Former Mississippi governor and former president of the US Republican Party Haley Barbour, thought that the tax and regulatory policies and the appointment of Judge Brett Kavanaugh to the US Supreme Court, made the difference to mobilize conservative voters to the polls and help Republicans win.

Although many Republicans urged him to emphasize on the economy, President Trump closed the campaign with incendiary messages about immigration, in a clear effort to mobilize his conservative base, mainly in the states that would define the future American Senate

His campaign even promoted a television ad that falsely accused Democrats of being responsible for the release of an undocumented Mexican immigrant, Luis Bracamontes, who bragged in court about the murder of two California police officers in 2014.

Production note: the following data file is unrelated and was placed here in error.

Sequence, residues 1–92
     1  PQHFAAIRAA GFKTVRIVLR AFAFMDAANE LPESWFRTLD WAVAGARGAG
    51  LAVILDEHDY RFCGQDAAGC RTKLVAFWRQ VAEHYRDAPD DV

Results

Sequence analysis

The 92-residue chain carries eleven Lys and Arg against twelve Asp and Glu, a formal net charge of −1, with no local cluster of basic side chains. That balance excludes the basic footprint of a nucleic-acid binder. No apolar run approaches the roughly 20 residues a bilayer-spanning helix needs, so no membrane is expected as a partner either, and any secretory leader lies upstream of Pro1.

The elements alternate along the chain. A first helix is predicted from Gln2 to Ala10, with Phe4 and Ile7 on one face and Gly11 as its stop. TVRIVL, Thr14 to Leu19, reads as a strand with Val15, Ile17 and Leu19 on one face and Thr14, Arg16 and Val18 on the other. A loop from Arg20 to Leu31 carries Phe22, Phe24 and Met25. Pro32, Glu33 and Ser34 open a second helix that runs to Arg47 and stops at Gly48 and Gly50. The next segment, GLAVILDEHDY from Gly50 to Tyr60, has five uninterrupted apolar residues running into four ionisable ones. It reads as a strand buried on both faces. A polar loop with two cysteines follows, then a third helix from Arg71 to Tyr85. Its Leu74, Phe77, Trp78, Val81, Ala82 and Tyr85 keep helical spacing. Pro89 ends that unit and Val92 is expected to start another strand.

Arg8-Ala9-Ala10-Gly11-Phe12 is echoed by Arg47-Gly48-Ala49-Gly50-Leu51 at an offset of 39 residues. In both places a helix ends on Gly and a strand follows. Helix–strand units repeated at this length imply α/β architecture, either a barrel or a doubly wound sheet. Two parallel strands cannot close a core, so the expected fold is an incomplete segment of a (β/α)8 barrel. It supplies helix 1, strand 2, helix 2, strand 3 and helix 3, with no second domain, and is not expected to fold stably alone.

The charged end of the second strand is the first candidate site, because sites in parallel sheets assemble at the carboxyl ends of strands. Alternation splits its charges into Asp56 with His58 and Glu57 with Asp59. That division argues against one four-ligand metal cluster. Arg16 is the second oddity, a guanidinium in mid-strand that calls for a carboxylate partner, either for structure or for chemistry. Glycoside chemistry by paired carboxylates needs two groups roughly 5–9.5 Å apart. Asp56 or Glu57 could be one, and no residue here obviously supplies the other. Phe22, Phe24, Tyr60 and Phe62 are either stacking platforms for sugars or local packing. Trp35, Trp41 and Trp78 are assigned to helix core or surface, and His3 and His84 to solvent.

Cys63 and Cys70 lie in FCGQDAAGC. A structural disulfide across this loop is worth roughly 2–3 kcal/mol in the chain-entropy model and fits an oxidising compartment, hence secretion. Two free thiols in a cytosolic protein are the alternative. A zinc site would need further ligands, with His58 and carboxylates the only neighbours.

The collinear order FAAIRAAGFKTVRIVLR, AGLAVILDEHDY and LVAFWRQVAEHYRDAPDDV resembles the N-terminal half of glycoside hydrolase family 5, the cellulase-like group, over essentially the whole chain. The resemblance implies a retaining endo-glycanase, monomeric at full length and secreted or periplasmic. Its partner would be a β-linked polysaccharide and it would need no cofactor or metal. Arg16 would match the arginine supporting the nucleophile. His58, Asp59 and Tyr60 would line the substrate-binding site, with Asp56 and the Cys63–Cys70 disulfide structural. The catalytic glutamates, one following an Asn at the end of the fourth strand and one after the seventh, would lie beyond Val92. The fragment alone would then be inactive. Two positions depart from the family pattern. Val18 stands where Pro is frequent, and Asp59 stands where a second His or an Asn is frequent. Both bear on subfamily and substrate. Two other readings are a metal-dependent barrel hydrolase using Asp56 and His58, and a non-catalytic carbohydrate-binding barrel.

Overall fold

The ad -rejected by networks such as FOX and CNN- included videos of the migrant caravan that is now in Mexico and that aims to bring thousands of people to seek political asylum on the border with the US.

In the last hours, Trump published an opinion article in which he urged voters to look at the economic advances, which include reducing the unemployment rate to 3.7 percent, and retaining Republicans at the head of the government.

"Now America faces a critical choice: whether to build on the extraordinary prosperity that Republican policies have delivered for our nation – or whether to allow Democrats to take control and take a giant wrecking ball to your economy and your future." said President Trump.

"A colossal error"